The fall of Jet Airways. What happened?

Jet’s rise from a few aircraft to a 119-aircraft behemoth has lessons for airlines the world over. A clear coherent strategy is as much about ‘what not to do’ as it is about ‘what to do’.

Issue: 02-2019By Satyendra PandeyPhoto(s): By SP Guide Pubns
By Satyendra Pandey

 

From 1992 to 2004, the airline had a good cumulative performance with strong growth, cash flows and profits.

India’s oldest private airline, Jet Airways, recently announced the suspension of operations. After 26 years of operations, the last flight flown was from Amritsar to Mumbai at 10.30 p.m. on April 17, 2019. The suspension was inevitable given that the cash-flow had dried up and banks were unwilling to extend further credit. An airline, that only three months earlier flew a fleet of 119 aircraft, was down to flying a fleet of five aircraft. Apart from over 16,000 jobs at stake, hundreds of passengers were impacted with disruptions to their travel plans. Hundreds more are waiting for refunds. How did this come to be? Impacted by changing market dynamics, Jet became a victim of its own success.

Markets are dynamic entities and consumer preferences change over time. And for airlines that have witnessed success in the past, changing and adapting is a very tough sell. The usual pattern with successful ventures is that the management starts to become complacent and believes in its own narrative, costs spiral and hubris sets in. Indeed this was the case with Jet. From 1992 to 2004, the airline had a good cumulative performance with strong growth, cash flows and profits. The capital market listing in 2005 that was over-subscribed at 1.8 times helped the airline raise 1,899 crore. Expansion followed but importantly, at this time the market dynamics were such that the only other competition was the state-run airline. The travel base was much smaller with a total of 1.52 crore domestic passengers taking to the skies. Air travel was largely for the business elite and a luxury at that. A concept of “rail-air” parity was unfathomable. Smaller airlines came and went while Jet continued to soar higher. But then, in 2005, a revolution began by way of arrival of low-cost carriers (LCCs).

FAILURE TO RECOGNISE LOW-COST AS A PHILOSOPHY

The LCC revolution began with a number of carriers launching in quick succession. Air Deccan was launched in 2003 to target mainly regional routes. SpiceJet which started as Modiluft, was launched in 2005 and was followed by GoAir. IndiGo followed in 2006. There was no looking back. The Low-Cost Carriers operated on a philosophy which stared squarely in the face of the Jet Airways business model. There was a single aircraft model, route networks were point-to-point, the offering was no-frills, no sales were extending on credit and it was a volume-based strategy. This not only started stimulating additional traffic, but also gradually ate into Jet’s profits and market share.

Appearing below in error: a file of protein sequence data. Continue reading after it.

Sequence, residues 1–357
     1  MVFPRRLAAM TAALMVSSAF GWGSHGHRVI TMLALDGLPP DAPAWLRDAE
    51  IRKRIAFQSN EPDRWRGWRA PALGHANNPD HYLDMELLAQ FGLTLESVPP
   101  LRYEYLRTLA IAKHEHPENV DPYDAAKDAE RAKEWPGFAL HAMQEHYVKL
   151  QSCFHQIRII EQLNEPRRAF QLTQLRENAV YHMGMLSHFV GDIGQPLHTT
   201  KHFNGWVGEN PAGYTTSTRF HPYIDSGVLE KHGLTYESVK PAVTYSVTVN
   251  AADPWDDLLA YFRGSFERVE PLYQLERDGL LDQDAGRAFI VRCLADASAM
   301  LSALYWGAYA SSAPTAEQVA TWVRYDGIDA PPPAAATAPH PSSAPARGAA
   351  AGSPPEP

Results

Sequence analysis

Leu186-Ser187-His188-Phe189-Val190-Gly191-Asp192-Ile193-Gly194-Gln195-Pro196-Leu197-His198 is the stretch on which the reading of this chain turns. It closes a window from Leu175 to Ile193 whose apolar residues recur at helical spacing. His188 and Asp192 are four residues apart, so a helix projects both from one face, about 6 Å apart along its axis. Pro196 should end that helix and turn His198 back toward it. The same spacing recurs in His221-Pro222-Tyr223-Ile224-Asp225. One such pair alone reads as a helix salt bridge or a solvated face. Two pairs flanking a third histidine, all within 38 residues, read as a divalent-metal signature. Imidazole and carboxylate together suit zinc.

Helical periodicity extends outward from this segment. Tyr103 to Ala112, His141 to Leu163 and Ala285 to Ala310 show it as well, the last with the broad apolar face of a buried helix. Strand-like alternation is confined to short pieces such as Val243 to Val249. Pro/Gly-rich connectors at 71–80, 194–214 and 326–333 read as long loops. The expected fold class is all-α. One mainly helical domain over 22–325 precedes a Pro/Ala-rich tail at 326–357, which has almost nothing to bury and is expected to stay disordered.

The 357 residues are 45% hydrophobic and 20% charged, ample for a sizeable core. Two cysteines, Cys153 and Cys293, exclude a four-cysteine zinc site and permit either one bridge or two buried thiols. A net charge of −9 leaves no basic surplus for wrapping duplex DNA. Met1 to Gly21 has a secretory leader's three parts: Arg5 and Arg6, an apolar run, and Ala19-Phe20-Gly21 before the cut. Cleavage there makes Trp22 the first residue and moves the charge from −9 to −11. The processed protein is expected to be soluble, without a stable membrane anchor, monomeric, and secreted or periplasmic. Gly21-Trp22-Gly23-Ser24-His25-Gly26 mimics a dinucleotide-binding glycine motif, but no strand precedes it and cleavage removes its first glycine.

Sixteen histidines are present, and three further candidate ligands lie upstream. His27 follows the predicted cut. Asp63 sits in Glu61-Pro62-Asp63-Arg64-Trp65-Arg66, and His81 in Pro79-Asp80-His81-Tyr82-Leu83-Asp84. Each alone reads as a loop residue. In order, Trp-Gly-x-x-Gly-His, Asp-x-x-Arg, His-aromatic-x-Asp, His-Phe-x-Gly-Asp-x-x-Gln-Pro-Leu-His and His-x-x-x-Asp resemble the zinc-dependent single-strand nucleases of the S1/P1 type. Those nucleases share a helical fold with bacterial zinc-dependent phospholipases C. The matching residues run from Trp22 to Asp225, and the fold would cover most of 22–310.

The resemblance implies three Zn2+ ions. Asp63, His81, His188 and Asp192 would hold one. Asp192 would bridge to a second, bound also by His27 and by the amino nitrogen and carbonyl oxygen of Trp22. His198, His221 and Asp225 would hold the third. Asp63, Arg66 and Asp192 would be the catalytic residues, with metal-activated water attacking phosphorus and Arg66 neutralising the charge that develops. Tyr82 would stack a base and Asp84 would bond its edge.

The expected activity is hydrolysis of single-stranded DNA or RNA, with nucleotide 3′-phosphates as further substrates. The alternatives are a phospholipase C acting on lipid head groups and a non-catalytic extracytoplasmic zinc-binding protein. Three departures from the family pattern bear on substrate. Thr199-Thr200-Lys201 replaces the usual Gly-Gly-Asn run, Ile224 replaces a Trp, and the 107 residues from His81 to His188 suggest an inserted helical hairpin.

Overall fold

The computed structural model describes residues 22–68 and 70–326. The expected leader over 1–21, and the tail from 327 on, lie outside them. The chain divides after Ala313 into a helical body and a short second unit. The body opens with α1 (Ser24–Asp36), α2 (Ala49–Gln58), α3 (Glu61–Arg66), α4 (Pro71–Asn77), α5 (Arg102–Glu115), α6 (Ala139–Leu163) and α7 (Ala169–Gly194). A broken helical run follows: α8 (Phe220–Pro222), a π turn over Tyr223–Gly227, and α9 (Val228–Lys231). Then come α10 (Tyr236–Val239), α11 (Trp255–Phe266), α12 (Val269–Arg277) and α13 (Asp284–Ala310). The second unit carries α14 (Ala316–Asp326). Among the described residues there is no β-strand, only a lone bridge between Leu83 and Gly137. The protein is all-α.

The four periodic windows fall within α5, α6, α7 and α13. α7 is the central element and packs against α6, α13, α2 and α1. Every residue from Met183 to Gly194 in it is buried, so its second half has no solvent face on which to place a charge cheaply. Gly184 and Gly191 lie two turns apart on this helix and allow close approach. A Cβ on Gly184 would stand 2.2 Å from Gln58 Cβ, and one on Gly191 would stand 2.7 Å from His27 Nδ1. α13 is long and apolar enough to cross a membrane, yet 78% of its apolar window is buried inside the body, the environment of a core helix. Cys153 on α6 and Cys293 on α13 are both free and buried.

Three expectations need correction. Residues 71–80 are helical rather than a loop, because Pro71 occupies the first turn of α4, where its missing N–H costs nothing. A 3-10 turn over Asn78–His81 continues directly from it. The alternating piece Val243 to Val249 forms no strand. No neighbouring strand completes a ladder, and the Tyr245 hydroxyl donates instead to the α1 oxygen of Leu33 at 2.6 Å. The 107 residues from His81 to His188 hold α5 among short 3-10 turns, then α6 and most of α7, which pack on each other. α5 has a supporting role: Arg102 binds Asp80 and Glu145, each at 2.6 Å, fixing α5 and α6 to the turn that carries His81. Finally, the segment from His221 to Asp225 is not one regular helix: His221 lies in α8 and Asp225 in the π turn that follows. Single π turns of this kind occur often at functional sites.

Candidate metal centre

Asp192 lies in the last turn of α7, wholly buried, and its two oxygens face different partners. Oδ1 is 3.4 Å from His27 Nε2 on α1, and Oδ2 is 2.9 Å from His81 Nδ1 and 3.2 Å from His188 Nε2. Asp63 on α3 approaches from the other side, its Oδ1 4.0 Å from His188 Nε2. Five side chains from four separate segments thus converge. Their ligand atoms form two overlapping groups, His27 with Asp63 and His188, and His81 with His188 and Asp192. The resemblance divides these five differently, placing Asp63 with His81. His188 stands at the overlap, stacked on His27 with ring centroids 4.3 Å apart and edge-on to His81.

Jet did attempt to respond, but not in a manner that struck at the heart of the disruption. The environment demanded a complete revisit on strategy and costs, but that did not happen. Jet Airways created barriers for the low-cost carriers often influencing policy towards creating a competitive barrier, made a highly questionable acquisition in purchasing Air Sahara for 1,450 crore; failed to focus on its balance sheet; flew a mixed fleet with cost and revenue impacts and continued aggressive international expansion in spite of mounting debt levels. The results showed in the numbers.

IMPACTED BY CHANGING MARKET DYNAMICS, JET BECAME A VICTIM OF ITS OWN SUCCESS

From having a 44 per cent market share in 2004, Jet Airways ended 2018 with only a 15.5 per cent market share. From a net profit margin of 4.5 per cent in 2004, the losses started in 2008, and never ceased, the exception being 2017 and 2018, where the airline benefitted due to extremely low fuel prices. Debt levels ballooned from 2,631 crore in 2005 to 14,280 crore in 2010, and 8,500 crore in 2018. The net worth of the airline turned negative in 2012, and it never recovered. During this period, the low-cost carriers flourished, registering cumulative profits, growth and strong cash flow.

FLYING WITH A COST BASE NOT COVERED BY REVENUES

For any sustainable business, revenues must be higher than costs. This is especially true for airlines in pricesensitive markets like India. For Jet Airways, its Cost per Available Seat Kilometre (CASK) exceeded its Revenue per Available Seat Kilometre (RASK) over a period of time. That is, Jet Airways was operating at a loss per seat. For instance, as of December 2018, the loss per seat kilometre was 77 paise. In other words, the airline lost 0.77 paise per seat per kilometre. So if a flight was 1,000 km, the airline would lose 770 per ticket. And this situation where the airline loses money on every kilometre flown, is not sustainable.

In trying to be all things to all people, Jet ended up as just another airline albeit with a much higher cost base